CIMA takes aim at corporate governance standards
(CNS Business): The Cayman Islands Monetary Authority (CIMA) is seeking to raise standards of corporate governance across the financial sector, building on its previous directives for the investment fund sector and bringing Cayman into line with international best practice. The regulator kicked off a private sector consultation exercise last month to gather industry feedback on its proposed minimum standards for corporate governance.
It has issued a draft “Statement of Guidance”, which spells out things like the standards that corporate directors are expected to uphold and how boards of directors should operate. The guidance, if adopted, would apply to all of CIMA’s regulated entities, from banks, insurance managers and fund administrators, to credit unions and development banks.
CIMA previously issued specific guidance on corporate governance for the investment fund sector in January 2014, in the wake of the Weavering scandal, which updated the existing guidance in Cayman from 2003. Weavering was a Cayman Islands domiciled fund that collapsed due to fraud, landing founder Magnus Peterson in jail for 13-years in the UK and bringing the topic of corporate governance into the headlines.
CIMA said that the Statement of Guidance “refrains from being too prescriptive on corporate governance culture, while capturing the fundamentals of the relationship between the licensee and its stakeholders”.
The key principals of the proposed guidance include: expanding on the board’s duties and responsibilities, increasing the competence of directors and elaborating on their duties and their responsibility to act in the best interests of the company. In addition to guidance on managing conflicts of interest, there are also operational recommendations on appropriate record keeping from a corporate governance perspective, including meeting agendas and minutes.
CIMA has sent its proposals to all the main industry associations for feedback, including the Bankers Association, the Cayman Islands Directors Association, the Law Society, the Company Managers Association and the Compliance Association. The guidance notes are expected to be welcomed by most participants in the financial services sector.
“I am very encouraged to see that CIMA intends to apply the same corporate governance framework through the proposed Statement of Guidance to regulated entities that is currently in place for regulated funds,” commented Scott Lennon of 19 Degrees North Fund, an independent director and corporate governance expert with over 20 years in the business. “The implementation of the Statement of Guidance on Corporate Governance to regulated funds was very well received by investors and investment managers alike,” Lennon said. “The proposed Statement of Guidance on Corporate Governance for regulated entities, if adopted, will serve to further Cayman’s standing as the number one jurisdiction for offshore finance and investment funds.”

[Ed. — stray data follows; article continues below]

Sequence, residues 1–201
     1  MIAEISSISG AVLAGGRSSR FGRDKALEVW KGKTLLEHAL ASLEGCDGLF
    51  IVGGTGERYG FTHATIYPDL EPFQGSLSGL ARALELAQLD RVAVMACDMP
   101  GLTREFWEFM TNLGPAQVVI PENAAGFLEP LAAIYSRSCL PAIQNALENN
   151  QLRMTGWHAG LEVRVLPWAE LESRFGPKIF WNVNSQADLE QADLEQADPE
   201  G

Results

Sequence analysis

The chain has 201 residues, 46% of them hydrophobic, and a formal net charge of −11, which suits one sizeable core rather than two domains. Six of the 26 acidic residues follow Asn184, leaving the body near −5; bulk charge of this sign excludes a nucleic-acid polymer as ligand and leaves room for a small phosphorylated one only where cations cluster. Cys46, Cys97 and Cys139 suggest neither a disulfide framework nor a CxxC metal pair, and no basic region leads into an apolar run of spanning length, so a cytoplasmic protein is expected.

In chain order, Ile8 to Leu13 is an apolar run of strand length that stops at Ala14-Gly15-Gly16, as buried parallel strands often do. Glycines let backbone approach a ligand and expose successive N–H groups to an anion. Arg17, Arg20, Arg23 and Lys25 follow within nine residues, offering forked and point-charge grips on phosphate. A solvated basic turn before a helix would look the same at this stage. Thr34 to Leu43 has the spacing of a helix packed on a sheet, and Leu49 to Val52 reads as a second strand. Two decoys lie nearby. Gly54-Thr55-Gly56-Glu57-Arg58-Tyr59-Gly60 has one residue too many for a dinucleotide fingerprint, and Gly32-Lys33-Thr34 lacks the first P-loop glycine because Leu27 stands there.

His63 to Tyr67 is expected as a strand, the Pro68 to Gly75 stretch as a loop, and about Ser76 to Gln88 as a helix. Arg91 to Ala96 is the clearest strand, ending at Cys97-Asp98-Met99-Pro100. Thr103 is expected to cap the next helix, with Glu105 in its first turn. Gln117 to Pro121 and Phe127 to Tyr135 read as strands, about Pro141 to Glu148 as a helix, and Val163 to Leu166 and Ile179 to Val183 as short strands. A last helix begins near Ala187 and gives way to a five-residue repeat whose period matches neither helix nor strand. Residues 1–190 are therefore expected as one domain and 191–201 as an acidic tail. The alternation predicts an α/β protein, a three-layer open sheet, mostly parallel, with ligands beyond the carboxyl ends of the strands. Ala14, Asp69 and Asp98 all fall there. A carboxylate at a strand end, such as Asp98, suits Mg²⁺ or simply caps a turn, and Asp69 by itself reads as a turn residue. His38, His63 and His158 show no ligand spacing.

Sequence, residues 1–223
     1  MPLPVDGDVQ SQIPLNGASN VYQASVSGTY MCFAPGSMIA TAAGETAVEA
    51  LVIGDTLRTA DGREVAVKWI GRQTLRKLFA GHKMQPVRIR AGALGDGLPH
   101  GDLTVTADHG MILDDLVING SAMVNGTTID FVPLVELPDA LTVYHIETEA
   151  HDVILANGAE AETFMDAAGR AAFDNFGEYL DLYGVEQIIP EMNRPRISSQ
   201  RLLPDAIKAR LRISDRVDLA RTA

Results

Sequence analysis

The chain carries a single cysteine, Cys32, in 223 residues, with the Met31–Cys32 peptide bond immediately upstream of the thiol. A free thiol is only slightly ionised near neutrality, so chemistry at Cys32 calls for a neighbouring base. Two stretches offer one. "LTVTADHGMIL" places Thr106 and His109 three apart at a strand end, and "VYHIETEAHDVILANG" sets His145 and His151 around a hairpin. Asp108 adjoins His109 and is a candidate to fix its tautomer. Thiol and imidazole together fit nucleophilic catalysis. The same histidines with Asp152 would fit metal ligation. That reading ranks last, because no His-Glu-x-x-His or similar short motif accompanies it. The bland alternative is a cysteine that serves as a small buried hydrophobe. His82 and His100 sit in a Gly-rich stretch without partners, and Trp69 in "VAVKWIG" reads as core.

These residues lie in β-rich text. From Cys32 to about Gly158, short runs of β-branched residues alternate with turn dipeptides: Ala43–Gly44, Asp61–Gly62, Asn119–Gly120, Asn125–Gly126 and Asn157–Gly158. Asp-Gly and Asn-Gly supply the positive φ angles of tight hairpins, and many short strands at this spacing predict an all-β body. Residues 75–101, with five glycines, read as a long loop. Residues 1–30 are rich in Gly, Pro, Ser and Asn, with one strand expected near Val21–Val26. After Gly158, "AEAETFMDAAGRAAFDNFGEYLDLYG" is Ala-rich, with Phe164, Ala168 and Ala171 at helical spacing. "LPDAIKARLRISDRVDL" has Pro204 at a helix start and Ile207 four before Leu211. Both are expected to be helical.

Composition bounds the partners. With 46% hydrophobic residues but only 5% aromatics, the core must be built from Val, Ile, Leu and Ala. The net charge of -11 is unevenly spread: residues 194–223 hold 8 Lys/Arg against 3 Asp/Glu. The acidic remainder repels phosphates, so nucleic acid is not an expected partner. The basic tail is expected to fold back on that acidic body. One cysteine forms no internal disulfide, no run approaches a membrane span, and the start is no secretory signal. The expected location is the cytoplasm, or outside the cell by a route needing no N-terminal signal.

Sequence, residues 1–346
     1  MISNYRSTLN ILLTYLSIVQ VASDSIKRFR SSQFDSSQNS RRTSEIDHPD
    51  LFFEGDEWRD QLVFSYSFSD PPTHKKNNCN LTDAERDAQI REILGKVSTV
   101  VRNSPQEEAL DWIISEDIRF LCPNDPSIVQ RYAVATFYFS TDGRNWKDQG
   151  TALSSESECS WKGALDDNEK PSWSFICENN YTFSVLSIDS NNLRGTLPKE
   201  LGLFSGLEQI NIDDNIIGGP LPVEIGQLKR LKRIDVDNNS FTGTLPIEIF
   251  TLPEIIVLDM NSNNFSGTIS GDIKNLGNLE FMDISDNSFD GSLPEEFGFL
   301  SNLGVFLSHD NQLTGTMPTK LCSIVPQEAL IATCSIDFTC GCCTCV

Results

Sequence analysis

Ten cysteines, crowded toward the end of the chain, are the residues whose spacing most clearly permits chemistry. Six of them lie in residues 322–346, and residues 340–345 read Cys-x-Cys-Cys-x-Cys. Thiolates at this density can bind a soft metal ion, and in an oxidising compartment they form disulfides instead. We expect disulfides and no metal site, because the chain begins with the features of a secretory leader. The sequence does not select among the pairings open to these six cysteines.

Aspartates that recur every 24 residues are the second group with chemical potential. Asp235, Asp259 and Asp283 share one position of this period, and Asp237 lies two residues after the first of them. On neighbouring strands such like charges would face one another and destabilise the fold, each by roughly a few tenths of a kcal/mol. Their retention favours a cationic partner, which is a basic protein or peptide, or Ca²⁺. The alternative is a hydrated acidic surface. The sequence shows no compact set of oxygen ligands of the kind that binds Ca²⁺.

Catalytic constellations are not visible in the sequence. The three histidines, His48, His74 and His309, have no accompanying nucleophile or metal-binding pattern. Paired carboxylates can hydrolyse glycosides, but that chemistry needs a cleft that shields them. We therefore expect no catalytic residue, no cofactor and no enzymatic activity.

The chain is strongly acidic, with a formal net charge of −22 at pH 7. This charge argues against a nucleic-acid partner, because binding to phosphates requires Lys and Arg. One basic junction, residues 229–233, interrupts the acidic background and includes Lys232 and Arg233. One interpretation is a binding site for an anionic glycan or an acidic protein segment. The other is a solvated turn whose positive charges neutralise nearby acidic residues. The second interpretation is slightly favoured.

Much of the guidance applies to the governing body of the regulated entity, which is the board of directors of a company or the general partner of a partnership. Featuring among the points to be addressed by the governing body, are the implementation of a corporate governance framework, addressing strategic objectives and how these will be achieved and ensuring policies are in place to address all significant risks faced by the entity.
Performance related to corporate governance benchmarks should be regularly assessed with deficiencies corrected, while conflicts of interest must be disclosed. CIMA also states that delegation of duties to senior management, sub-committees or to any other entity, while allowed, does not absolve the Governing Body from overall responsibility for the delegated functions.
Among the guidelines for individual directors, CIMA said the director should maintain a thorough knowledge and understanding of the regulated entity’s business, which should be regularly updated to take into account changes in the industry and the regulatory landscape. Directors are also responsible for making enquiries where issues are raised and should be satisfied that appropriate and timely actions are being taken to address any concerns that they have raised.
With regard to board meetings, CIMA indicates that regular meetings should be held, frequently enough to ensure that the governing body can carry out its role effectively. Other points include keeping accurate records, that detail all material decisions taken and considerations made, as well as the attendance of directors and details of any information requested from service providers.